EPA to Rescind Parts of New Risk Management Plan Rules

Posted on 6/4/2018 by Roger Marks

facility-RMP.jpgUS EPA on May 30, 2018 published a proposed rule to “rescind almost all the requirements added to the accident prevention provisions program” of a 2017 rulemaking that expanded the Clean Air Act Risk Management Plan (RMP) chemical accident prevention requirements.

The 2017 Final Rule required some chemical facilities to conduct root-cause analysis as part of incident investigations and to contract with an independent third party to perform compliance audits after a reportable release.  In addition, owners and operators of facilities in the paper, petroleum, coal, and chemical manufacturing industries must add a safer technology and alternatives analysis (STAA) to their process hazards analysis (PHA) under the new rules.

For a complete list of requirements EPA plans to rescind, see Section 2 of the proposed rule, Summary of the Provisions of the Regulatory Action, here.  

In addition to these new accident prevention provisions, EPA “enhanced” the RMP emergency response program by requiring facilities to coordinate with local emergency responders once per year and to conduct annual notification exercises and emergency response exercises regularly.

Read more: Final Rule Alert—EPA Updates RMP Program for Chemical Facilities  

Challenges to EPA’s Expanded RMP Regulations

EPA promulgated the 2017 Risk Management Plan rulemaking for chemical facilities in response to an April 2013 ammonium nitrate explosion in West, Texas that killed fifteen, injured 160, and damaged or destroyed 150 buildings.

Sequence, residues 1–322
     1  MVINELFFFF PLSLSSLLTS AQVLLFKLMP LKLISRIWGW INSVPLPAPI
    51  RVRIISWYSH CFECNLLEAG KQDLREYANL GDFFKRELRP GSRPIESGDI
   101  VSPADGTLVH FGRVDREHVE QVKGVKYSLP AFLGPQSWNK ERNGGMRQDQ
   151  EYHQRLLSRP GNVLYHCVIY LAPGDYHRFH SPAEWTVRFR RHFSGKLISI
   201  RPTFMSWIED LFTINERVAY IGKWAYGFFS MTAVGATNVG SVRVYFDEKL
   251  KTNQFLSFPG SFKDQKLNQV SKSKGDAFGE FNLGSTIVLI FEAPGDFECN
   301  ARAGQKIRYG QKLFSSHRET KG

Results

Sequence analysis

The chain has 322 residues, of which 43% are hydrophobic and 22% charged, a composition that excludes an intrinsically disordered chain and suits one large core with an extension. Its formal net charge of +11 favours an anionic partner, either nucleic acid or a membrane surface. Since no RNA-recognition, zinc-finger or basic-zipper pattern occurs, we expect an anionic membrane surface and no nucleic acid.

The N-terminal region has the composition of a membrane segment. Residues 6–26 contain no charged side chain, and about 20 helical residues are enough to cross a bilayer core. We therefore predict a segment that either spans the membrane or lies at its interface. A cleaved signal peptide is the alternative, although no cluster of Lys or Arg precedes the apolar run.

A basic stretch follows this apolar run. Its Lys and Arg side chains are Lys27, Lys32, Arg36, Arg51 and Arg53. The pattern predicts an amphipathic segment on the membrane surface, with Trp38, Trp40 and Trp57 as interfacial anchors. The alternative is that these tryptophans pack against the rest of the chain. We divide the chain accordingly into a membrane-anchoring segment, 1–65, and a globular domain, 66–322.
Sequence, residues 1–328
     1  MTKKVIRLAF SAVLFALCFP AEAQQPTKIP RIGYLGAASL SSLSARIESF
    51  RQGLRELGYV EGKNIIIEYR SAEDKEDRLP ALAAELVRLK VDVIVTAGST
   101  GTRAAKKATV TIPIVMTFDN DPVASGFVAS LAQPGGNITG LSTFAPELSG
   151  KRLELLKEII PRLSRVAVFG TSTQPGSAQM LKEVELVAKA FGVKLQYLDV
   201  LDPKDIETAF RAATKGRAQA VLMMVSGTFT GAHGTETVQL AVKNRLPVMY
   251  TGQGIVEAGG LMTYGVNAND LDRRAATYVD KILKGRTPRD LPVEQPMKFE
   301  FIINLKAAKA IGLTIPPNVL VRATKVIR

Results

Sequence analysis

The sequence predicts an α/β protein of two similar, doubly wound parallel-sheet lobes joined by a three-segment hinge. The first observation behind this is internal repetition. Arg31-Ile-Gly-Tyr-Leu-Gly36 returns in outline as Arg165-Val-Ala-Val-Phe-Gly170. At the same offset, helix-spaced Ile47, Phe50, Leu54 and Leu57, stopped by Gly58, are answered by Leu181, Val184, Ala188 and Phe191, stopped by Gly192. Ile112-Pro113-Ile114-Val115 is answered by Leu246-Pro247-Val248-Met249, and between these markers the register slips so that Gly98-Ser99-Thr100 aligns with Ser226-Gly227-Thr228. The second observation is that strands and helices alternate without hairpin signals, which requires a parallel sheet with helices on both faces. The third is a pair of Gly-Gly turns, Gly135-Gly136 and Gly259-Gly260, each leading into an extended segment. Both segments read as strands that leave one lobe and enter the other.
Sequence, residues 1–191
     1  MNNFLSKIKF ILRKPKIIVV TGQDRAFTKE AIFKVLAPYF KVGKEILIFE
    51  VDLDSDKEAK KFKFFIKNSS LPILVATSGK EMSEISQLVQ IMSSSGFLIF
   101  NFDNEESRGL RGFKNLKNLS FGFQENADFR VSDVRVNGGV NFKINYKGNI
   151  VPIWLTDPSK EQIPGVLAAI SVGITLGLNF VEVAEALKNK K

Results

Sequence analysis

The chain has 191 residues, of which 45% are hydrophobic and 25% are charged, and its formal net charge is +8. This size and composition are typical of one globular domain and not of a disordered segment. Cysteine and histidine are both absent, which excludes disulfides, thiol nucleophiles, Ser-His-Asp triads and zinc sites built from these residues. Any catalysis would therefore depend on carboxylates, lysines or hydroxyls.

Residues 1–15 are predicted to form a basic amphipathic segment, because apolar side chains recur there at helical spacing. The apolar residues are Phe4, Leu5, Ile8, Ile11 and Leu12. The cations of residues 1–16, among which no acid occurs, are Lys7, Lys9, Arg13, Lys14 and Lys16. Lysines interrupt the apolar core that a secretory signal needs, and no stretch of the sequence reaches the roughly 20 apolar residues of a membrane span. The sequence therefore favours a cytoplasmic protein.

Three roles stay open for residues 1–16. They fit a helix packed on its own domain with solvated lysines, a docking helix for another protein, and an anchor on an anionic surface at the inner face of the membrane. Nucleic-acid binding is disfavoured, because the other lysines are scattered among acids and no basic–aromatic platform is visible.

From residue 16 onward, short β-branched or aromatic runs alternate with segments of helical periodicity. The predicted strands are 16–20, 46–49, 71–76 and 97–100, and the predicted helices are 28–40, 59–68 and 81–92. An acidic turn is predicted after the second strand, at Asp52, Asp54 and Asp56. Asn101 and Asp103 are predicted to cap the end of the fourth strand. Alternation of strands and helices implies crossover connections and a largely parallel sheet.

Industry groups and some states filed a petition for reconsideration, arguing that a Bureau of Alcohol, Tobacco, and Firearms (ATF) report released on May 11, 2017 indicated that the West Texas incident was the result of an intentional criminal act, and not an “accident.” The comment period for the 2017 rule closed on May 13, which prevented commenters from using the ATF’s findings to challenge the new requirements.  

Some have since questioned whether ATF’s finding is correct, noting that ATF relied on “negative corpus” or the process of elimination to determine that the fire was an intentional act. In other words, because no other hypothesized explanation made sense, they determined that the fire was intentionally set. Five years later, no suspects have been named and no arrests have been made.  

See the full proposed rule here.

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Tags: chemicals, Clean Air Act, EPA, risk management planning

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